A group advocating gay rights in Springfield has launched a public advocacy campaign in conjunction with national Gay Pride events.
Equality Springfield purchased five billboard advertisements across the city to promote gay and lesbian awareness during June’s Pride Month, including one featuring city commissioner Karen Duncan.
The group seeks fair treatment and equal opportunity for lesbian, gay, bisexual, and transgender citizens in Springfield.
“Visibility is a key concern for advocacy groups,” said President Rick Incorvati. “We were thinking of a way to be visible for a community that’s often not seen. Billboards seemed like a smart way to move forward.”
Two billboards on the Spring Street overpass were vandalized with graffiti last week, including one of the Equality Springfield billboards featuring Taiwo Jones and his mother, Harriet. The billboard states: “My child can be fired for being gay in Springfield. Help us change that.”
Jones said he believes the ad was purposefully tagged because of Equality Springfield’s message. “There’s definitely a problem here in Springfield that someone would go out of their way to do that,” said Jones, a Springfield resident.
Incorvati is unsure if the tagging was targeted at the LGBT community, but said the group is looking into the incident.
Members of Equality Springfield also attended last week’s city commission meeting to speak out about the lack of protection for the LGBT community in Springfield.
In February 2012, commissioners voted 3-2 against amending the city’s human rights codes to include sexual orientation. The topic was debated for months before large crowds at commission meetings.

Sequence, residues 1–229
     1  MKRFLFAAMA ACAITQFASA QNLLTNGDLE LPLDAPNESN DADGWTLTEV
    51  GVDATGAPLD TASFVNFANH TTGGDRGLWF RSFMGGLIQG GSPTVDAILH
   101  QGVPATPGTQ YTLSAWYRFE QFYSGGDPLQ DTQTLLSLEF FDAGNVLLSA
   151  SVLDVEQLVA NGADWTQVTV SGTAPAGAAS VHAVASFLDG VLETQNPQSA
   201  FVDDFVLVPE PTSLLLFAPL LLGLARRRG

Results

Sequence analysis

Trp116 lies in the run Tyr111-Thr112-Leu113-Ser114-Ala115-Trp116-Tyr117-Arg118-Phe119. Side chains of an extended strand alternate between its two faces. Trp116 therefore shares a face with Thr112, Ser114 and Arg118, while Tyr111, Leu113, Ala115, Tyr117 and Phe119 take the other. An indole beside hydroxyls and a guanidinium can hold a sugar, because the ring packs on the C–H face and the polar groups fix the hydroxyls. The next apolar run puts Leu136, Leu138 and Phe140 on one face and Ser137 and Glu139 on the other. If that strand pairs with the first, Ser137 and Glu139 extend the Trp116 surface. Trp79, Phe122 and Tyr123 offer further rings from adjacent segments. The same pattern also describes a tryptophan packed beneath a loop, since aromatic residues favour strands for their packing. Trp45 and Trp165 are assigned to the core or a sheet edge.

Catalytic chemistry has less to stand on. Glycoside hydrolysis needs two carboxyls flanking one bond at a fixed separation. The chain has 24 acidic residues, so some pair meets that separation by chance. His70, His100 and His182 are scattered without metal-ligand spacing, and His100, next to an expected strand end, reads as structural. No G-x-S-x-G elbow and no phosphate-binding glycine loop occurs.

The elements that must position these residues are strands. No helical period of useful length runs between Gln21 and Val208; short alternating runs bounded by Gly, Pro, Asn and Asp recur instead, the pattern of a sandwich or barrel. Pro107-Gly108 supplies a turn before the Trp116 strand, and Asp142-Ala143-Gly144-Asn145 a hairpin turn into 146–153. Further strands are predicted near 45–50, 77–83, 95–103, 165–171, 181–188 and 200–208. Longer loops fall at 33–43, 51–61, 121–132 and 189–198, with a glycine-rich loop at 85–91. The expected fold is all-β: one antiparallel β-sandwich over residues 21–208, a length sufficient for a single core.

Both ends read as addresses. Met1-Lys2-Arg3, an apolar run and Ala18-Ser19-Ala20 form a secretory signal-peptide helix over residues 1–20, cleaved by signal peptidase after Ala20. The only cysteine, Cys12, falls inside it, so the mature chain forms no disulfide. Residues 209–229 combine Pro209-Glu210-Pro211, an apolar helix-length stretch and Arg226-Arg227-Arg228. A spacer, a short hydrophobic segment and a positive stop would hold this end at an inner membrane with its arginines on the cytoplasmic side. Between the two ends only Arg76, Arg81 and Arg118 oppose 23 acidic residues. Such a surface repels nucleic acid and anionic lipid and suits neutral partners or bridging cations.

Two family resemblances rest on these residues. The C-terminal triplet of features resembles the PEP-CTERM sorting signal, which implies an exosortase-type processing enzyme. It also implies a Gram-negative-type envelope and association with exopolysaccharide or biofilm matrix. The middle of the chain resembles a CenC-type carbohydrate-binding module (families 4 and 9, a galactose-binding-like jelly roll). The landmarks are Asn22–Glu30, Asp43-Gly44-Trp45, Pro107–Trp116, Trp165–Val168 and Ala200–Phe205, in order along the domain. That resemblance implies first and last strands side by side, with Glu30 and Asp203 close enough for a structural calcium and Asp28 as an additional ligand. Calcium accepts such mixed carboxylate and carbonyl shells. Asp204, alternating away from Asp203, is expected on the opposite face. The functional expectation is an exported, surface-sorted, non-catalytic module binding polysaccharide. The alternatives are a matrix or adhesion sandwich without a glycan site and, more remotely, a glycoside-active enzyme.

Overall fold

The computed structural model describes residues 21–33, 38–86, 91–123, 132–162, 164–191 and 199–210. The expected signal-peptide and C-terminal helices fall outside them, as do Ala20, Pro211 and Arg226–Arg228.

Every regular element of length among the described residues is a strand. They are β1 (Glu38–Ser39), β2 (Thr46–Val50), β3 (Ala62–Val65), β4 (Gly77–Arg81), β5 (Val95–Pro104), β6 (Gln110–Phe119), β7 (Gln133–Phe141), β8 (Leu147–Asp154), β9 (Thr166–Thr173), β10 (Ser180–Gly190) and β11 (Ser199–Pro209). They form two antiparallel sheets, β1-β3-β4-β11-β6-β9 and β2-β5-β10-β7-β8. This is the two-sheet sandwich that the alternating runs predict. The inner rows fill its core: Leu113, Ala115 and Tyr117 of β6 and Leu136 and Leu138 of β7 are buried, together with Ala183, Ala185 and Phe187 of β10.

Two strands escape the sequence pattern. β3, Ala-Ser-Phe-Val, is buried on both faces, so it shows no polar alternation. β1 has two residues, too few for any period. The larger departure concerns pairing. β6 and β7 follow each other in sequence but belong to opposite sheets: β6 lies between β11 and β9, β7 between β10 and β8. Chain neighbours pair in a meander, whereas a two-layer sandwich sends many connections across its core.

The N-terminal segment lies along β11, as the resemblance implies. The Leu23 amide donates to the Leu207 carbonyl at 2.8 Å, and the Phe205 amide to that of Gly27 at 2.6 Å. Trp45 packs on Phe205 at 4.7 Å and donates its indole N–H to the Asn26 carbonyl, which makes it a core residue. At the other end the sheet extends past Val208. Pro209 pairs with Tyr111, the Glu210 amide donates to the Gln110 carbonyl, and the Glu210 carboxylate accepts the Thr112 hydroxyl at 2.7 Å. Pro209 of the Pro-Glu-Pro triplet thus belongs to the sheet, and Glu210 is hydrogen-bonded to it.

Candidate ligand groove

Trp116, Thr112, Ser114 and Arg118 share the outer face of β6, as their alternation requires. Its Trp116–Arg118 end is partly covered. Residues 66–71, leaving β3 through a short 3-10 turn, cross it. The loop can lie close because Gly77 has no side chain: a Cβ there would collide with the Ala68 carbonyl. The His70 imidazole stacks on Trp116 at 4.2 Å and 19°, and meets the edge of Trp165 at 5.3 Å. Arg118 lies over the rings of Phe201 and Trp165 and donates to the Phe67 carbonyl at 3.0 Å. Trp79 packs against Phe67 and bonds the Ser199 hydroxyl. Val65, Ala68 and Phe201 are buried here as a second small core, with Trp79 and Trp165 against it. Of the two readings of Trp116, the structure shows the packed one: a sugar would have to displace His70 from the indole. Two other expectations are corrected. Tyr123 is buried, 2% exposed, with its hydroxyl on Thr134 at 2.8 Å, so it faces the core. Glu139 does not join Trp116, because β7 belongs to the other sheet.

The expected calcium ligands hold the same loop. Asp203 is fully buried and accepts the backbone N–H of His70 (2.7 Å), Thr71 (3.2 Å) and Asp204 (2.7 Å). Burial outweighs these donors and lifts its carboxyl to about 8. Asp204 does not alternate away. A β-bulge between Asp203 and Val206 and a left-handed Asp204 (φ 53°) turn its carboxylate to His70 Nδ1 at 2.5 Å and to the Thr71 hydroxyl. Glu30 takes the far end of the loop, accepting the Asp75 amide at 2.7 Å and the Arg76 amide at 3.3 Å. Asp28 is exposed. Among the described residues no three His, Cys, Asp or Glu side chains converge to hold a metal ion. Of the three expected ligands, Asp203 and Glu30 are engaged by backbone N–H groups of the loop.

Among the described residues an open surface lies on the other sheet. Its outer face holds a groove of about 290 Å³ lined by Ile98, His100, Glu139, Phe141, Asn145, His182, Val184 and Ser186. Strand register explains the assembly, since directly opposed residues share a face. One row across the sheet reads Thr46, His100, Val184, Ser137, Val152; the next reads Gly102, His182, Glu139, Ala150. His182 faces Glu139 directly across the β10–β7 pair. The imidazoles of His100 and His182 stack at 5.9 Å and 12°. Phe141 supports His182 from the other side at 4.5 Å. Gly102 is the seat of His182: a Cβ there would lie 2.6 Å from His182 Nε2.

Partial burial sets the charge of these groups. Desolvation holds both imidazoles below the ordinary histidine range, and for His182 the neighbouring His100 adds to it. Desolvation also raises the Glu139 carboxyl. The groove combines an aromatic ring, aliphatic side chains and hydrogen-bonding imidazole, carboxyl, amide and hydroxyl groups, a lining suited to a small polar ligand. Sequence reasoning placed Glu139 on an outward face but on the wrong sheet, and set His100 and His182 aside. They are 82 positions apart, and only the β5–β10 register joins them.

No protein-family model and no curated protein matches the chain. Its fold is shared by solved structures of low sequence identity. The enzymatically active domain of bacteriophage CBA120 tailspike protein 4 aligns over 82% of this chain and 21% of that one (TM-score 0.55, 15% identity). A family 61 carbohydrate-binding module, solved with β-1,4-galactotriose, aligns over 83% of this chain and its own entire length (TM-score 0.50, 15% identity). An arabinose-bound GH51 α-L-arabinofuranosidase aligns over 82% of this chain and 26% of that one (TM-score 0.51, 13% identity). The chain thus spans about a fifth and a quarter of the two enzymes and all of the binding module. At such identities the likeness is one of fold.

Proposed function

Commissioners Dan Martin, Joyce Chilton and Kevin O’Neill voted against the issue, while Mayor Warren Copeland and Duncan voted in favor of the amendment.
A large group of residents opposed the amendment, including local churches and religious organizations. The opposition said proponents couldn’t produce specific cases of discrimination in Springfield.
At the commission meeting on June 10, Incorvati said O’Neill signed a letter of support for Rep. Ross McGregor’s statewide ordinance for LGBT protection in 2008, but five years later called the evidence of discrimination a matter of opinion.
O’Neill did not respond at last week’s meeting, but told the News-Sun he stands by his original opinion that Springfield does not have an issue with discrimination against LGBT people regarding employment and housing.
“There may be isolated cases, but (Equality Springfield’s) lawyer stated there are other avenues to be used to pursue violators,” O’Neill said. “I have no problem with LGBT people in Springfield putting the issue on the ballot.”
O’Neill said he still supports a statewide initiative.The billboard featuring Duncan, also located on Spring Street, says: “You can be fired for being gay in Springfield. Help us change that.”
“It’s a cause I believe in,” Duncan said. “I don’t think Springfield is a place that should discriminate against people for any reason. I wish we could add the language into our non-discrimination ordinance.”
Incorvati called her “heroic.”
“She offers a vision of Springfield moving forward,” Duncan said. “We’re pleased as can be to have the support of a legislator like Karen.”
The first pride parade was held in 1970 in New York City. Equality Springfield is trying to be true to that spirit of visibility, Incorvati said.
“There are people who don’t want gay people to be visible,” Incorvati said. “We have to assume that’s why we don’t protect people in the workplace. That’s a way of keeping them quiet, a way of intimidating them. It’s unfortunate the degree to which our churches in Springfield have put their weight behind that sort of oppression.”
The group began its annual film series on Thursday. They’ll hold viewings for other films in both August and October, Incorvati said.
Sticking with the story
The Springfield News-Sun has written extensively about possible changes to nondiscrimination laws since the issue arose in 2011.